I caught Anderson Cooper's "Culprits of the Collapse" segment on CNN a few evenings ago.
I was surprised at how over the top the graphic treatments were. Western-style parchment sheets with burnt edges featured silhouettes of the "Ten Most Wanted" individuals in America's current economic collapse. Given the gravity of the situation I would have expected a less sensationalistic visual treatment from CNN. Anderson Cooper usually goes to greater lengths to present his self as a serious journalist. He might as well have had on a cowboy hat, a vest, sheriff's badge and chaps.
"Blame game" is a phrase I am hearing repeatedly from mainstream news sources reporting on the current economic crisis. It is usually invoked to deny participating in playing "the blame game" just prior to discussing reasons and responsibility for the crisis and, well... playing the blame game.
Don't get me wrong, I am a firm believer in responsibility and accountability, but I suspect that the media's handling of the issue, instead of helping to uncover facts and ensure that those responsible are taken to task, has quite the opposite effect.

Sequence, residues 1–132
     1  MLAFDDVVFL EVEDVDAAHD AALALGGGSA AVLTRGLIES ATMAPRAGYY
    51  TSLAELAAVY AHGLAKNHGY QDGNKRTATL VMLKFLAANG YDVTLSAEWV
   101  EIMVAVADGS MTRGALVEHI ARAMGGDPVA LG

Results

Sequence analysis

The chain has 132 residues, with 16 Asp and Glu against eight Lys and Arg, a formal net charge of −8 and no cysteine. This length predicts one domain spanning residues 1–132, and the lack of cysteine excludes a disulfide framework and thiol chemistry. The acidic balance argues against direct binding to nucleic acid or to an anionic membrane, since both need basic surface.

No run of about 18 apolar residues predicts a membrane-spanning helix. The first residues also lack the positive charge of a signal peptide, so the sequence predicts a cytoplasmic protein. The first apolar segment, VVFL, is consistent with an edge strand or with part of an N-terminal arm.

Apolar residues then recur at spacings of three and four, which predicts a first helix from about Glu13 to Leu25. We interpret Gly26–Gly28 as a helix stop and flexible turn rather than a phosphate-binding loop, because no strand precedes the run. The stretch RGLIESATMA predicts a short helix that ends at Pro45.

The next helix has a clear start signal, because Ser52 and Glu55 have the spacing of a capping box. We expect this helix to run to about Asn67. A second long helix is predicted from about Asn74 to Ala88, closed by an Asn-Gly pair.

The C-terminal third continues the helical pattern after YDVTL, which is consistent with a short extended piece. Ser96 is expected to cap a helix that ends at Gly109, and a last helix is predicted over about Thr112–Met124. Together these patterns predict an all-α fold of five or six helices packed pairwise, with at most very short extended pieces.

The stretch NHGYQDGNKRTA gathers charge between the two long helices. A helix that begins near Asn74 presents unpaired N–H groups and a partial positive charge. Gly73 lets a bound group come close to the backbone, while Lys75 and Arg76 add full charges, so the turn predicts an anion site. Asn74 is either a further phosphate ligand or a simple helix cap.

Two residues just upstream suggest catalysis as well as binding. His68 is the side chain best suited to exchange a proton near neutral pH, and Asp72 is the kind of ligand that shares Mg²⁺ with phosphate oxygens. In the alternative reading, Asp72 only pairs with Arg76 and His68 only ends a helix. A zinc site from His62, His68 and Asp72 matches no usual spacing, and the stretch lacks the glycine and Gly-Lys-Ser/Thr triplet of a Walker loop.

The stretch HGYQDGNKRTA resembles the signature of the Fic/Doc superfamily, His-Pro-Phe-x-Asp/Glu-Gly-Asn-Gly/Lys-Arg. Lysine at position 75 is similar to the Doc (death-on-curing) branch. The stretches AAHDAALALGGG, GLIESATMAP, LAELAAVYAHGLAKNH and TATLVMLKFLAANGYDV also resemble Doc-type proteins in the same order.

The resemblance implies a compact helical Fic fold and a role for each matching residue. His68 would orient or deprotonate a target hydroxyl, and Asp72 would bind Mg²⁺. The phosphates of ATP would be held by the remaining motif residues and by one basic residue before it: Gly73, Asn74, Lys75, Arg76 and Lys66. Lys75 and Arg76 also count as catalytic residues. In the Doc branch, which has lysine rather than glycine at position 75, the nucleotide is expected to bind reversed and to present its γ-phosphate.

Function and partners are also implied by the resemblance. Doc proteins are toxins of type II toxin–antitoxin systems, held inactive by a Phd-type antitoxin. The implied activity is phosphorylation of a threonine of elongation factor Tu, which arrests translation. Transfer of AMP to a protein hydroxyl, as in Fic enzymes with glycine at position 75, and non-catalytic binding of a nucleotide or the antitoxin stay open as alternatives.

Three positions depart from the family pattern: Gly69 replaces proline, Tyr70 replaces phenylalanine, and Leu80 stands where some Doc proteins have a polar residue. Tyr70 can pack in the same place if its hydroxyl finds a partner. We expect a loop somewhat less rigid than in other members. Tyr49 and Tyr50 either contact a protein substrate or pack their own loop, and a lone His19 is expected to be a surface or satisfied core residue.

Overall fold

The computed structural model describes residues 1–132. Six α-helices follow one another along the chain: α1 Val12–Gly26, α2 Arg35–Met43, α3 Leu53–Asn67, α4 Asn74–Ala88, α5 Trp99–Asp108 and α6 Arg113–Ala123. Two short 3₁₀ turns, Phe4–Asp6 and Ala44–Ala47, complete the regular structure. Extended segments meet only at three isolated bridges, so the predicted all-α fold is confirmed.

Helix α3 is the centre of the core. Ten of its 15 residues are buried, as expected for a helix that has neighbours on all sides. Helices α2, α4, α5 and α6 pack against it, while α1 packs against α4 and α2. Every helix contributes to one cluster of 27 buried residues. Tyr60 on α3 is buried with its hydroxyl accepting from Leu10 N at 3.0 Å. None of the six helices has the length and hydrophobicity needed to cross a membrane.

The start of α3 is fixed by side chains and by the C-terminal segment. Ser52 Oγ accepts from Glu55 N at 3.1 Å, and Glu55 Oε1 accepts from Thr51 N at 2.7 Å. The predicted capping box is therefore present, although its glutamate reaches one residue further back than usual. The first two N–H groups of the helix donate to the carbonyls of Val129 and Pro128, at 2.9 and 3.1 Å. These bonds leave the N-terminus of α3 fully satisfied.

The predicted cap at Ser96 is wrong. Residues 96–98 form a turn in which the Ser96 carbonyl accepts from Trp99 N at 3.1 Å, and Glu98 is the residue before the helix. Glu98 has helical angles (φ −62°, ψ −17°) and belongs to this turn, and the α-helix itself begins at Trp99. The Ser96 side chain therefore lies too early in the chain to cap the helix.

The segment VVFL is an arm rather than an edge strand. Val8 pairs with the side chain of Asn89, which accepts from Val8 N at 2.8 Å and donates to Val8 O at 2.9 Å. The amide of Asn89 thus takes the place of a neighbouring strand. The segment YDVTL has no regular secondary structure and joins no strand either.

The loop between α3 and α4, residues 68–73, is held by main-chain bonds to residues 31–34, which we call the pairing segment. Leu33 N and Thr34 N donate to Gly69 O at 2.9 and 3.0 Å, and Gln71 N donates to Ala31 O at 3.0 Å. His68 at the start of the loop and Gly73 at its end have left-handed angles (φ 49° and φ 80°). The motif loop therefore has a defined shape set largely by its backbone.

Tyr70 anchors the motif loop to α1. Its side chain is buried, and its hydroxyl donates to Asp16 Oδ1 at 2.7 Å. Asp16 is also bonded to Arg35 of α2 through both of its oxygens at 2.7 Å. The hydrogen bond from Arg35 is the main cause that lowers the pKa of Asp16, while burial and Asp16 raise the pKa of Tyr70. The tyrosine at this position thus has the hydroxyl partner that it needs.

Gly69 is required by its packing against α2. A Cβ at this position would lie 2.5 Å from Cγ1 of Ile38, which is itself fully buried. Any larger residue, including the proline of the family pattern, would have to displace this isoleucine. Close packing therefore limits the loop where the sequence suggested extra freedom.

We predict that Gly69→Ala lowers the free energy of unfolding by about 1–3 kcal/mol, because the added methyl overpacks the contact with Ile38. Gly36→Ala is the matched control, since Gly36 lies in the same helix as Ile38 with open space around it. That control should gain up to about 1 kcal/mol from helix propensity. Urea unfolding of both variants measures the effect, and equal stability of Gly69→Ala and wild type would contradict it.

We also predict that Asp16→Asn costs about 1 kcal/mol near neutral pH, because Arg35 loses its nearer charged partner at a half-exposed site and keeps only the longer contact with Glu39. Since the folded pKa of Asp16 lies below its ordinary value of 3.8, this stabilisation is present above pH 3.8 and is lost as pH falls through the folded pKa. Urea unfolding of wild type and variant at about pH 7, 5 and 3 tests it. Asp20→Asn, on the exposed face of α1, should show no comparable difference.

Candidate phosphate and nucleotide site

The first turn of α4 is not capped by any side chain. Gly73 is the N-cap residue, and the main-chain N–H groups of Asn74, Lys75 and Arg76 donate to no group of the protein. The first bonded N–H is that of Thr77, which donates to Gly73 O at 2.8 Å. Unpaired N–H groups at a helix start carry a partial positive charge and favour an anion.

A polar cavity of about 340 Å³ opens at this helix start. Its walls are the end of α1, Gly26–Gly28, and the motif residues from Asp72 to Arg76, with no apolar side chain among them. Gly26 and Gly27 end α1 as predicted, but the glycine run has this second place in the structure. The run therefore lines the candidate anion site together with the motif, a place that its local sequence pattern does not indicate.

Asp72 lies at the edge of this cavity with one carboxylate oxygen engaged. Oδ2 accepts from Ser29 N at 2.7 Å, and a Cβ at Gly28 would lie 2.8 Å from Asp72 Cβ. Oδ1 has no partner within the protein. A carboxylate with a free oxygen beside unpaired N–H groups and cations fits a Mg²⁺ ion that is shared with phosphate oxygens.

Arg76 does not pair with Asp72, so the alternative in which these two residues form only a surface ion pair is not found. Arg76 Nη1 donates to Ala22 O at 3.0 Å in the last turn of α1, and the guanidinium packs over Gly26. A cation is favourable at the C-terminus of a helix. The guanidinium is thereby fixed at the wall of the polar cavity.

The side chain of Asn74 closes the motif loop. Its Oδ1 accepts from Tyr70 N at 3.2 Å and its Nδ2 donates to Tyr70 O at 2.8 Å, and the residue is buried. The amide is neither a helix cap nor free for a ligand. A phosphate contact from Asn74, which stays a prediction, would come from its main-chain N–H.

More and more it seems that the institutions and systems that were set up to perform particular functions in society no longer do. For instance, the decision to go to war was once in the hands of Congress but that power was seized and remains in the autocratic grip of the Presidents office. I would assume that finding those held accountable for misdoings related to the financial crisis would be the job of the U.S. Attorney General, but I haven't heard anything to indicate any action being taken by that office. It seems that this will be handled largely by the media.
When the news media wraps the reporting of issues in sensationalism it has a very specific effect. It loads the delivery of that information with emotional impact and that information is received as a charged sensory experience. Thrill rides in amusement parks and rich ice cream are both designed to deliver heightened sensory experiences and they both go through a similar arc of consumption. You burn out on them really fast. The first few rides and bites are fantastic, but it you keep it up long enough you just feel sick. This combined with the relentless bombardment of messaging causes burn out and apathy. Take the Iraqi war and Gitmo for instance. Most people just don't want to hear about it. People are actively tuning out news about both "stories".
The current media witch hunt regarding the economic crisis is mostly theatrical. Whether its intentional or not, the end result is that no one will be called upon tho answer for their actions. They will slip away under the media's air cover. Taxpayers, numbed out, will suffer in silence.